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Literary and Cultural Studies


1930

The First Automobile Trip in North America, from Manhattan to Managua


Arthur Lyon. Edited by Larry Lyon, with annotations by Denis Wood and an afterword by Sally Denton

Imagine setting out on a road trip in a 1929 Ford Model A Roadster, with the stated goal of traveling from Manhattan to Mexico and Central America, after only a week’s worth of preparation. This is exactly what brothers Arthur Lyon and Joe Lyon Jr. did on March 23, 1930. The Lyons acquired some... More


Henry Adams in Washington

Linking the Personal and Public Lives of America’s Man of Letters


Ormond Seavey

A descendent of two U.S. presidents and winner of the Pulitzer Prize, Henry Adams enjoyed a very particular place in American life, not least due to his ancestry. Yet despite his prolific writing in the years between 1877 and 1891, when he lived in Washington, D.C., Adams has somehow slipped into... More


By Broad Potomac's Shore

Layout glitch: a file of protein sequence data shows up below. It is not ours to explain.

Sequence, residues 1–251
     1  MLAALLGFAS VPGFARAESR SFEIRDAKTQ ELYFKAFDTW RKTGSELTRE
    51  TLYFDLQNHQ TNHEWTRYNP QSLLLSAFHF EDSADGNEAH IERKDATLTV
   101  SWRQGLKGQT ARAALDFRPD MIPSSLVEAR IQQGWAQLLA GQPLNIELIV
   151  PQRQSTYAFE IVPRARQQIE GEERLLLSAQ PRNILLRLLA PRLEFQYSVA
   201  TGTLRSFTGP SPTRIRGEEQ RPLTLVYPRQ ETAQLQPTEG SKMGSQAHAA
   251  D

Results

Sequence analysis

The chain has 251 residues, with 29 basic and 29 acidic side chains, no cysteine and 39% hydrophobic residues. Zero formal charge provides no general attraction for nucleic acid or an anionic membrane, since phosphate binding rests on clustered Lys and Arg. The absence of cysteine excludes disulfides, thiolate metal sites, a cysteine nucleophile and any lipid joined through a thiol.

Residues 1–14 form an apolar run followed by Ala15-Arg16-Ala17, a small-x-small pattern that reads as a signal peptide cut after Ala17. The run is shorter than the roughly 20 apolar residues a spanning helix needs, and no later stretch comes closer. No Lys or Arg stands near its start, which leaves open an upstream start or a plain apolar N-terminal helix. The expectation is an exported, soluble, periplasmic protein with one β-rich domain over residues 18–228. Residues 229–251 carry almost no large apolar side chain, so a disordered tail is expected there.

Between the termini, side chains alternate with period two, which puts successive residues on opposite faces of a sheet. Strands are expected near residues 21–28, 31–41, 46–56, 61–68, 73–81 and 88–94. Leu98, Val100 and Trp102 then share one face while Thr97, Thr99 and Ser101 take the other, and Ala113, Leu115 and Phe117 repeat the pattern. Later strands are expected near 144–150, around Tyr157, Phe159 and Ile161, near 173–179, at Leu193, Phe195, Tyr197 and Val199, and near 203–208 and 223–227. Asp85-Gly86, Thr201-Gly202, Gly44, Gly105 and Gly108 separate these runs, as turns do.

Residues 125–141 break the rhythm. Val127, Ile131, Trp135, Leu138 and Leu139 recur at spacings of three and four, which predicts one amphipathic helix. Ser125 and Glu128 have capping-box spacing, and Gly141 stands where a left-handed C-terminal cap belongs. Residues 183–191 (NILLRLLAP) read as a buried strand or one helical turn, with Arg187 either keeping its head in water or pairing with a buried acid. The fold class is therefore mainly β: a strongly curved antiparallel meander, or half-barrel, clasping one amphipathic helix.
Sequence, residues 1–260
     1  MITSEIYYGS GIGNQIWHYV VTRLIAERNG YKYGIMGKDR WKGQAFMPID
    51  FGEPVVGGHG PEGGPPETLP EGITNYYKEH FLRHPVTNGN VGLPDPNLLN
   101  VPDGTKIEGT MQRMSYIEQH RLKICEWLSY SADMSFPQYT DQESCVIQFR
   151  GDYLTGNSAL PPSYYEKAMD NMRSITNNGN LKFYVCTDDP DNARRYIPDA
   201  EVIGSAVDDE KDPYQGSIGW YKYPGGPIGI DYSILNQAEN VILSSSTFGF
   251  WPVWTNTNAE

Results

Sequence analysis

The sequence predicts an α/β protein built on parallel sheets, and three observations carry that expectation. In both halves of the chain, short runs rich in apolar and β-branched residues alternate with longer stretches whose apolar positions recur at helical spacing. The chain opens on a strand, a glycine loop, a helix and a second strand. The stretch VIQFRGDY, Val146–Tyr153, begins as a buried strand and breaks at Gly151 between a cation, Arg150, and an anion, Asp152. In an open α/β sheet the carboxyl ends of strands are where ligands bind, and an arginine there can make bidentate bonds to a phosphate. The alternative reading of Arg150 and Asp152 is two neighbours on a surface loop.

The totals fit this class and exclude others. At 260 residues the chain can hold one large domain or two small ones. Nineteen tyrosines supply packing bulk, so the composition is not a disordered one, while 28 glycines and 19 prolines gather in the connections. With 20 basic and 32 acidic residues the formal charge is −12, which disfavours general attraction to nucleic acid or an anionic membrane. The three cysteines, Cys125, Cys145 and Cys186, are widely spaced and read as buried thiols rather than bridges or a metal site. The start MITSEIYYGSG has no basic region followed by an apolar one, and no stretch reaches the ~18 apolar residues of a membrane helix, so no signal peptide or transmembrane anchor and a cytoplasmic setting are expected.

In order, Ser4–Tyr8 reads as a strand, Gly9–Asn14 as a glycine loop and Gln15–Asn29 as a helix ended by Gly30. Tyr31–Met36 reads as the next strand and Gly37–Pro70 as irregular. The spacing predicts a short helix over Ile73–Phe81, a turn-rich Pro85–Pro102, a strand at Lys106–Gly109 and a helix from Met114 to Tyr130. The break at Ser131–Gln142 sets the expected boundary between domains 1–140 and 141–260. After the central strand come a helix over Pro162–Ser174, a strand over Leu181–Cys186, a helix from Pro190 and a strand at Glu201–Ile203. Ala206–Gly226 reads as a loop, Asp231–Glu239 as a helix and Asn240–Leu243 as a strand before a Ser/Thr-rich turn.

Great Poems from the Early Days of Our Nation's Capital


Edited by Kim Roberts

Following her successful Literary Guide to Washington, DC, which Library Journal called "the perfect accompaniment for a literature-inspired vacation in the US capital," Kim Roberts returns with a comprehensive anthology of poems by both well-known and overlooked poets working and living in the... More


The Life of William Faulkner

This Alarming Paradox, 1935–1962


Carl Rollyson

By the end of volume 1 of The Life of William Faulkner ("A filling, satisfying feast for Faulk7ner aficianados"— Kirkus), the young Faulkner had gone from an unpromising, self-mythologizing bohemian to the author of some of the most innovative and enduring literature of the century, including The... More


Inventing the Critic in Renaissance England



William M. Russell